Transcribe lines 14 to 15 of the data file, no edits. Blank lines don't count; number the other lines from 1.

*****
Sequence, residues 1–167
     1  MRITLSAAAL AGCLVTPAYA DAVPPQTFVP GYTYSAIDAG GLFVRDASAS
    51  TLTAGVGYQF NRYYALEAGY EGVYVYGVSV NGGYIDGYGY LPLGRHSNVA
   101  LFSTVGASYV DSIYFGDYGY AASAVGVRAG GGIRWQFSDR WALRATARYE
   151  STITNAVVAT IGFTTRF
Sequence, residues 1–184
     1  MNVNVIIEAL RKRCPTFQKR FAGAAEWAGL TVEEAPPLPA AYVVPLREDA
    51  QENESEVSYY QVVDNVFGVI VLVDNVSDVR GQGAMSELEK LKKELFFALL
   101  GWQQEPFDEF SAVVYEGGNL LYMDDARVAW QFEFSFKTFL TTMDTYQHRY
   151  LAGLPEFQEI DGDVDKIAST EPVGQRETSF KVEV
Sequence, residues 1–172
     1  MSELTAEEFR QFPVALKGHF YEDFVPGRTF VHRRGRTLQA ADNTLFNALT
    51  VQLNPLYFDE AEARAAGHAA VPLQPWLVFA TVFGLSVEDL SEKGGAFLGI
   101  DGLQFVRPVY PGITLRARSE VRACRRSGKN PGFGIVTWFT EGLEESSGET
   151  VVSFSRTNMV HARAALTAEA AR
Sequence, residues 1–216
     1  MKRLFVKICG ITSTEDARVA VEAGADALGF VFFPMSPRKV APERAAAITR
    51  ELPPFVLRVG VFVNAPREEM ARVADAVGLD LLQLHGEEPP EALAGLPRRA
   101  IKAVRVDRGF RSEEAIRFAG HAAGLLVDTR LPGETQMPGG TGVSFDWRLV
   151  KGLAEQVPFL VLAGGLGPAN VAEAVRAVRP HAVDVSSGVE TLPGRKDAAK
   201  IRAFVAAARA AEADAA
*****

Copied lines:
   101  DGLQFVRPVY PGITLRARSE VRACRRSGKN PGFGIVTWFT EGLEESSGET
   151  VVSFSRTNMV HARAALTAEA AR